Music a Key to Higher Learning Skills

Many of us either learned to play a musical instrument in private lessons or in the school band but the odds are we never knew it was also increasing our cognitive abilities. It turns out that not only were we boosting our math skills, our linguistic abilities and enhancing our coordination but we were also acquiring social skills. A 2014 study at the University of Graz in Austria found that studying music is beneficial to the brain’s plasticity. What does this mean? It turns out that children who study music have significantly thicker gray matter in the areas of the brain linked to attention and concentration.  As they age this leads to higher scores on attentional, linguistic and literacy tests. This is not just listening to music but requires learning to play an instrument, read music and even perform.

Learning to read music and think about how it should sound is a brain exercise in problem solving. When children think on a higher level about synchronization, they can take fragments of information and use them to make connections to create a finished work and this spills over into other subjects including math. It is believed that this occurs because learning music creates synapses in the brain not used before to fire up and translate to other areas of learning and life. Improved social skills are a huge benefit of training in music. Students know they won’t get the piece they play right the first time, so they learn to practice and develop their attention span and work ethic. Nothing boosts a child’s self-esteem like performing alone or in a group and feeling a sense of pride at their accomplishment. The children often see themselves as improved people and this shows in their carriage and interaction with adults and peers.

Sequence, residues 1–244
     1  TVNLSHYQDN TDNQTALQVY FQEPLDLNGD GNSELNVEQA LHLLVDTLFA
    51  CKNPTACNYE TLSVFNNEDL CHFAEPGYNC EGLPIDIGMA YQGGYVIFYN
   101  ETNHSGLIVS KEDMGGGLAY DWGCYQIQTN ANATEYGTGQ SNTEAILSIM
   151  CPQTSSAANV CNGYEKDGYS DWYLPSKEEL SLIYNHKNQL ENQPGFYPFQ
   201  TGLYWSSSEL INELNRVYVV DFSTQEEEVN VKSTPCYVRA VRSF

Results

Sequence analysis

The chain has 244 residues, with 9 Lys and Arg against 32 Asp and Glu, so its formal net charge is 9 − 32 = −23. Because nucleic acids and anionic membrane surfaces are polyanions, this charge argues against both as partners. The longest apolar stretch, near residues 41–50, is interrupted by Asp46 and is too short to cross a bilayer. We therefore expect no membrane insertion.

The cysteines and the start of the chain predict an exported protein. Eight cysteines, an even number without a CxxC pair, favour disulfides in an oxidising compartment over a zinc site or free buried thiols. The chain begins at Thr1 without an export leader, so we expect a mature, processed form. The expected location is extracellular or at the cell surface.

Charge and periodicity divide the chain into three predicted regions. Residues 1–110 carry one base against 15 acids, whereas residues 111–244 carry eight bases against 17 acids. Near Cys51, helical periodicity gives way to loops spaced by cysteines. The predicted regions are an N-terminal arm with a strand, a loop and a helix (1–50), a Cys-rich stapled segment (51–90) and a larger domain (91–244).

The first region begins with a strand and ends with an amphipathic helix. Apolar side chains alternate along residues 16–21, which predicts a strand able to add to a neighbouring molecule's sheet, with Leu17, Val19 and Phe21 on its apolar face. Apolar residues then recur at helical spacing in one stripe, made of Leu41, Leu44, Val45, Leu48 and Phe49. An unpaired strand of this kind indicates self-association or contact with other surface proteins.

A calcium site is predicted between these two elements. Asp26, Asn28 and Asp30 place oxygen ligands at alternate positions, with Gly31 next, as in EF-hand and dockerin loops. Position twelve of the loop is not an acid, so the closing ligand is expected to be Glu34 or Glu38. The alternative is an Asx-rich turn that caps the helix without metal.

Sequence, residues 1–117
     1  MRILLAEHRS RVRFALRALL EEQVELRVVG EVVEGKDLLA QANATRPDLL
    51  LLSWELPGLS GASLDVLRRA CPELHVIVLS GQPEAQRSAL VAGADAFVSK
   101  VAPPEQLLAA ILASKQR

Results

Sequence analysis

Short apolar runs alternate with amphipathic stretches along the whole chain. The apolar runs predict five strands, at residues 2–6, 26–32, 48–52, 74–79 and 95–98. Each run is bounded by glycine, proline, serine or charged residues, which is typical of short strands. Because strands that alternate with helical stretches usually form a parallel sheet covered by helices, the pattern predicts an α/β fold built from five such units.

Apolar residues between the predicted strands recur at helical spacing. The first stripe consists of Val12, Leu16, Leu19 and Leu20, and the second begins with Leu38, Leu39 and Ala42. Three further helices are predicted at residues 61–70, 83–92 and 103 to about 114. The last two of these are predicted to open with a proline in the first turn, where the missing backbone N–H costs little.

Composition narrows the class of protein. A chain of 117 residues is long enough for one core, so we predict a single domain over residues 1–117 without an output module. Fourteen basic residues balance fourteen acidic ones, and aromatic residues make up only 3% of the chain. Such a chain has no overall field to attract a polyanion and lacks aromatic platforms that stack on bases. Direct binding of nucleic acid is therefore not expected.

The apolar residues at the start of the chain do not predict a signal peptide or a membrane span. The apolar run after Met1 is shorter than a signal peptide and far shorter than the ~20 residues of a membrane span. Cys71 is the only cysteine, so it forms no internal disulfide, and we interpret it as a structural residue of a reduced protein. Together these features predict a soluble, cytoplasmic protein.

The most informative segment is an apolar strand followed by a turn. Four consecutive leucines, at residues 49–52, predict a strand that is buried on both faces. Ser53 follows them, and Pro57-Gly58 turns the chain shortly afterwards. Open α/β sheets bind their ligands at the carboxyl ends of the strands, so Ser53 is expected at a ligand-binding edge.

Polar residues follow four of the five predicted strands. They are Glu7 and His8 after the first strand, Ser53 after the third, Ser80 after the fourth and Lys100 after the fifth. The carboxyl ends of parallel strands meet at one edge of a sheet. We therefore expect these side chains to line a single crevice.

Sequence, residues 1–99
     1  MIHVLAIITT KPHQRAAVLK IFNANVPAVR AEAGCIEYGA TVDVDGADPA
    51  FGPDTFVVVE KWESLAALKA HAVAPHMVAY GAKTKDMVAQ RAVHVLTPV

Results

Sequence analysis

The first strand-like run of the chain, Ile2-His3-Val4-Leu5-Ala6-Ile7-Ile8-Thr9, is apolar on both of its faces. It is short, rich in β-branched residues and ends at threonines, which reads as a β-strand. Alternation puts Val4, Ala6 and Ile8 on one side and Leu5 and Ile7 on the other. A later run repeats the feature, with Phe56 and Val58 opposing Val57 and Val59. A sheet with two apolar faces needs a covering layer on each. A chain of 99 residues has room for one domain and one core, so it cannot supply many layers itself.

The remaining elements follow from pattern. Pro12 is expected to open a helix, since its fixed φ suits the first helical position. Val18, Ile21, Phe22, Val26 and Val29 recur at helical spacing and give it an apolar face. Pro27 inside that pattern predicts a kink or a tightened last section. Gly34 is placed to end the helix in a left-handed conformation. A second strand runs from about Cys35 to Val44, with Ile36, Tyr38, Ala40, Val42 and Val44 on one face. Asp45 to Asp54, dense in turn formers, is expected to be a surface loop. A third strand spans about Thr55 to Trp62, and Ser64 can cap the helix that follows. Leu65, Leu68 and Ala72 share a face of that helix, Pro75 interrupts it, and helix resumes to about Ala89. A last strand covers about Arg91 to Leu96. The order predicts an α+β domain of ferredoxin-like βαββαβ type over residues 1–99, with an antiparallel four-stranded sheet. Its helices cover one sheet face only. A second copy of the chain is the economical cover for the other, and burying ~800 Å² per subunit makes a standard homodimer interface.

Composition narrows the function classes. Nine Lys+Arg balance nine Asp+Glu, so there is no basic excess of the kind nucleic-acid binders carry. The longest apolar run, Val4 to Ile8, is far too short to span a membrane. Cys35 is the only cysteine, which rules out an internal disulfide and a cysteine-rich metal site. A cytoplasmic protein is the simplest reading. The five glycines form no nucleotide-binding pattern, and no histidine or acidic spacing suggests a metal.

In response to these findings schools and nonprofits are working to promote musical education for children of all ages. Amazing results have been seen with graduation rates going from 50% to 93% for at risk high school students, who became involved in music lessons. All of these schools showed improved attendance, language skills and attention spans. Introducing musical training in young children often helps them learn other subject matter such as fractions because they can make the connection to music via half-notes and quarter-notes. There is no substitute for helping a child apply what they are learning to real life items of interest.

While homeschooling our family was lucky to have a piano in the house, so I could teach all of my children to read music and play to some degree. Out of the four children only one of them pursued the piano and then later added drums to her skill set. The other three children took up the guitar and taught themselves to play by practicing day after day. My youngest son still plays to relax and get inspiration for his writing. Music is not only a great addition to any school setting but a necessary one for the development and enhancement of creative thinking and cognitive abilities.

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